What is your name, affiliation, and connection to e-learning?
My name is Jonna Ward; I'm the founder and chief executive officer of Visionary Integration Professionals, which is a global information technology solutions provider. VIP is the parent company of Meridian Knowledge Solutions, a company that provides software (including learning management systems) and services for delivering, tracking and analyzing training over the Internet. VIP employs approximately 800 people, and Meridian is one of our important divisions. We acquired Meridian in 2006 because we saw (and continue to see) repeated demand from our clients for integrated solutions that bring analytics, data, and learning management together.
How does your organization administer and / or develop e-learning resources?
Meridian takes the lead for us in this regard. Many of the employees who work for us at Meridian have been with the company since Meridian's founding in 1997, so they've seen the evolution of e-learning content, e-learning standards, LMS and LCMS technology and mobile learning. VIP's purview spans much more than developing e-learning. Because we're implementing IT systems across entire organizations we are always looking for ways in which learning can be woven into the fabric of everyday work.
Through contact with customers, industry pundits, primary research and our customer advisory board, Meridian's R&D team stays abreast of which e-learning trends are picking up traction and which are fads to be forgotten. For example, over a decade ago, Meridian was among the first, if not the first, LMS provider to incorporate collaboration features into its system.
Today, online collaboration is a prerequisite to having a competitive LMS, but Meridian's R&D team knew about this and developed a viable system well ahead of the trend. So we rely on some really great minds at Meridian to tell us what we should focus on as an organization, and, at an executive level, our divisions work with one another to capitalize on opportunities to incorporate e-learning into various enterprisewide projects.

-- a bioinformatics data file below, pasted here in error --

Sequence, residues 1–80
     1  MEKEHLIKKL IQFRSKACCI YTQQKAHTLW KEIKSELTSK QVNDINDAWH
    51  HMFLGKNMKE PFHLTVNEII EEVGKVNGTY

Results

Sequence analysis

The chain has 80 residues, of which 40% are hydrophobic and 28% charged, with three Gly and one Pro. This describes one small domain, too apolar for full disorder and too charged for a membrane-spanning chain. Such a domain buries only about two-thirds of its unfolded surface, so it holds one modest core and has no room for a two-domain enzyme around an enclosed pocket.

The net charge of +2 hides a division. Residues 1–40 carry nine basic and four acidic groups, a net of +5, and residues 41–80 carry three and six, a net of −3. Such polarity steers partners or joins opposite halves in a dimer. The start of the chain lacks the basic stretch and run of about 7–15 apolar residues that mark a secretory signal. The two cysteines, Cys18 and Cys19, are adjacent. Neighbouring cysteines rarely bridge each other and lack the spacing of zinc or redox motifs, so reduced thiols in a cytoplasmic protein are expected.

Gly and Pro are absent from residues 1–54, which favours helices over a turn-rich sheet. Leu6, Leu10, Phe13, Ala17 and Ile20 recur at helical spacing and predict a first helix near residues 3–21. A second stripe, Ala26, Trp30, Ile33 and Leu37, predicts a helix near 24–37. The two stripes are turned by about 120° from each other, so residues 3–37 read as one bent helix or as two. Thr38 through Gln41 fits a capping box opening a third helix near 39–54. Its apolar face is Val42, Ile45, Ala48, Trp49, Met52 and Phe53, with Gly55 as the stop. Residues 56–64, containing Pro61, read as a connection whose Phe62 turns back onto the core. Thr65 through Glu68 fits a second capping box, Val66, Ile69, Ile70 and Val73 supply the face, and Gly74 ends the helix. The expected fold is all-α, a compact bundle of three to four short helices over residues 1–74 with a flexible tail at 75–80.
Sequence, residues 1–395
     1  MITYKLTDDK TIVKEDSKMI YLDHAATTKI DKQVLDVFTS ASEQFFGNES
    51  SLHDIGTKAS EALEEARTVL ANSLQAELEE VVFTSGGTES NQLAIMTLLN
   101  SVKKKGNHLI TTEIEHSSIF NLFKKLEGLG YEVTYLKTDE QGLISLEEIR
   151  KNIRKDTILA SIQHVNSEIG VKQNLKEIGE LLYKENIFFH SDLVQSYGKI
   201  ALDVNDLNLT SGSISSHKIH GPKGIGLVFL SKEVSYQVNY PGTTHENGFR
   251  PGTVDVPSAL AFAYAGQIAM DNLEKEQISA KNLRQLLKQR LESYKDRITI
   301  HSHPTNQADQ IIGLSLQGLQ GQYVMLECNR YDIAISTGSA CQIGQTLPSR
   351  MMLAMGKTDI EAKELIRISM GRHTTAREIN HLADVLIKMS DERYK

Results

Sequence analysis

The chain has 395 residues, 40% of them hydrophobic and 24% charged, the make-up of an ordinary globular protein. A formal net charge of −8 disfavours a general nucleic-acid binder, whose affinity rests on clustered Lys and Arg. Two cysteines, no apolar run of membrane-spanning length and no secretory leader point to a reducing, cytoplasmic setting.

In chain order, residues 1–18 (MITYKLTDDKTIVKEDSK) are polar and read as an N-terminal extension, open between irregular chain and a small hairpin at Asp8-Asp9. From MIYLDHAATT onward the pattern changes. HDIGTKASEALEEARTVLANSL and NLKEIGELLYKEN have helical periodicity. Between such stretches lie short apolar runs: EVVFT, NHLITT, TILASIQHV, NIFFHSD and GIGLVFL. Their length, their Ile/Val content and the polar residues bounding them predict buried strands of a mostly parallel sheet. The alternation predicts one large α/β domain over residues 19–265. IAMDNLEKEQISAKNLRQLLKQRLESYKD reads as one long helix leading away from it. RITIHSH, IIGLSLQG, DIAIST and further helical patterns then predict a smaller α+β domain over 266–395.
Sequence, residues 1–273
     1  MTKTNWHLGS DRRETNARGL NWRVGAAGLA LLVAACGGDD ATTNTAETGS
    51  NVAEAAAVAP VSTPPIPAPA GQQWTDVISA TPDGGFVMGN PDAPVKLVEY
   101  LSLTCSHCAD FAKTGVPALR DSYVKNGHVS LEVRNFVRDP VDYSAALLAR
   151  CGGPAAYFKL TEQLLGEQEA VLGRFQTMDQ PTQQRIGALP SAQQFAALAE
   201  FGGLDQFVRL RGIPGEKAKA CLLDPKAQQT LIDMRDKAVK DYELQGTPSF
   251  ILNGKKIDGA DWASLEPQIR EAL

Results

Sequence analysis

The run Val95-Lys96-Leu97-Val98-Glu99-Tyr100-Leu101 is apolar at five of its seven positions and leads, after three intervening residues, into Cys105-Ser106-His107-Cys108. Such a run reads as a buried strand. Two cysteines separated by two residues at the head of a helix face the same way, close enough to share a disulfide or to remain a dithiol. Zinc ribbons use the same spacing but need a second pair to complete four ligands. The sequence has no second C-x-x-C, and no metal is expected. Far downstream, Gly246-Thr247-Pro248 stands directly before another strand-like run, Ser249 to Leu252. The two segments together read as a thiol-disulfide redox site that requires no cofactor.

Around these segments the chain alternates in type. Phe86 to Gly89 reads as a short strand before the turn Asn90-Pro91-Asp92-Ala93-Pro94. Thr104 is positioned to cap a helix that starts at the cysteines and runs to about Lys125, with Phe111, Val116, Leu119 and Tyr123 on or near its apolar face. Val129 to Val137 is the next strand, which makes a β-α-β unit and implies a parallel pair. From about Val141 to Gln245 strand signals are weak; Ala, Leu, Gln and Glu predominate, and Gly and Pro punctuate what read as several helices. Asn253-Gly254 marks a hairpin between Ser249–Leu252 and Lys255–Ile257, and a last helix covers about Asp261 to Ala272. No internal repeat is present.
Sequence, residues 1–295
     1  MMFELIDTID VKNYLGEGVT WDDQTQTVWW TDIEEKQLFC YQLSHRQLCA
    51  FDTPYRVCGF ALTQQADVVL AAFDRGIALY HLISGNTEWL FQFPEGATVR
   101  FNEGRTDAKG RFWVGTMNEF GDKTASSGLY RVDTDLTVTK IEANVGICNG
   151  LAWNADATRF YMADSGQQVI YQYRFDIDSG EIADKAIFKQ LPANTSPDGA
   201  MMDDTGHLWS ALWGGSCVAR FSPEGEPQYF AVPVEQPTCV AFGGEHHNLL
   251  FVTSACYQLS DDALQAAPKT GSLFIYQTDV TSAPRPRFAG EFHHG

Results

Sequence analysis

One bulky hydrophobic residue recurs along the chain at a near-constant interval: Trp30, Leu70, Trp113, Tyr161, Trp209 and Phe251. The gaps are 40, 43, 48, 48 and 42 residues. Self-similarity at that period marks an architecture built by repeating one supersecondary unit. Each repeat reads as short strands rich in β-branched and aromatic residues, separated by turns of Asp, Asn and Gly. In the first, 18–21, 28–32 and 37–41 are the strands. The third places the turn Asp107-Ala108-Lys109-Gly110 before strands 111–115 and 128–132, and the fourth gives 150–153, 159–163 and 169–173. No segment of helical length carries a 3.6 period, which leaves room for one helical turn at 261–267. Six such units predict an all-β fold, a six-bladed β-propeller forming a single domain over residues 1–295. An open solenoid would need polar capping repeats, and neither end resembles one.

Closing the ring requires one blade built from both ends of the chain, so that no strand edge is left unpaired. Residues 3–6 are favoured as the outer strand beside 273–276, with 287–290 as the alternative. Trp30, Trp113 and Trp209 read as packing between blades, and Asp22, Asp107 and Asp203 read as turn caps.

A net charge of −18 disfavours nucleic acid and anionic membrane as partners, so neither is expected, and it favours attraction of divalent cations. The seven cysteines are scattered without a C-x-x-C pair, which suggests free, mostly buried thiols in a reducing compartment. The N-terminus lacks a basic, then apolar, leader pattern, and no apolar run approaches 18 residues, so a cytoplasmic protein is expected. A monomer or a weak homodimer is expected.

How does elearning relate to your vision of developing human resources, and matching organizational needs with people?
Organizations of all kinds collect and rely on employee performance data to make decisions, but that data is rarely connected in a meaningful way to the information learning systems use to manage employees.
Our vision is that these disparate systems work together, so a company (i.e., managers, mentors and peers) can develop an employee in much the same way a sports team cultivates its talent. This stretches beyond employee performance, too. The performance data that's collected for business units, divisions and an entire organization ought to be synchronized with learning management information, too, so executives can spot a dip in performance, identify its cause and prescribe a course of action (which can include learning of some kind) to bring performance in line with goals.
What is your philosophy of learning? What are the elements of it that are perhaps a bit unusual and not seen every day?
Learning isn't something that happens at a particular place or time; we're always presented with opportunities to learn, but we don't always seize the opportunity. Other times we have the opportunity and desire, but not the tools. Identifying why someone doesn't capitalize on a chance to learn is the secret to not only motivating employees but helping your workforce, employees and business partners succeed.
When does e-learning matter most?
When you want to train people at a moment's notice or over a wide geographic area, e-learning really pays for itself. E-learning is obviously one way to learn, but within any e-learning course you can embed video, audio or even access a virtual world to conduct a training exercise that might be too expensive or dangerous. It's the maleability and versatility of e-learning that matters most.
How can e-learning tie in to the most pressing issues facing a corporation, association, or government group?
That's a great question, and the answer depends on the people who are in charge of training as well as their vendor partners. Top training professionals within any organization have to truly understand their employer's business in order to tie e-learning to the most pressing challenges. For example, if you're in charge of training for, say, an airline, you have to know how market forces are affecting your routes, customer attitudes, profit margins, government regulations, services, facilities, aircraft maintenance and the like before you can develop the strategies that e-learning can support.
If, on the other hand, you're an expert at training but have less insight about what's bearing down on the business, then you're flying blindly. Pun intended. Training vendors owe it to their clients to learn about more than the training organization's challenges, too. A great vendor assigns people to an account who know the industry dynamics, not just how to implement and troubleshoot software.
Finally, can you recommend a book that made you see the world in a different way?
Anyone who reads the book, The World is Flat, has no choice but to see the world in a different way. The book emphasizes the need for people to change and adapt to remain competitive in a global market where historical and geographical boundaries are becoming increasingly irrelevant. As the world becomes more able to collaborate and share with others of different cultures, languages, and religions – we will find that we need better education and training to compete with the most brilliant minds around the globe and to adapt to the needs of the world.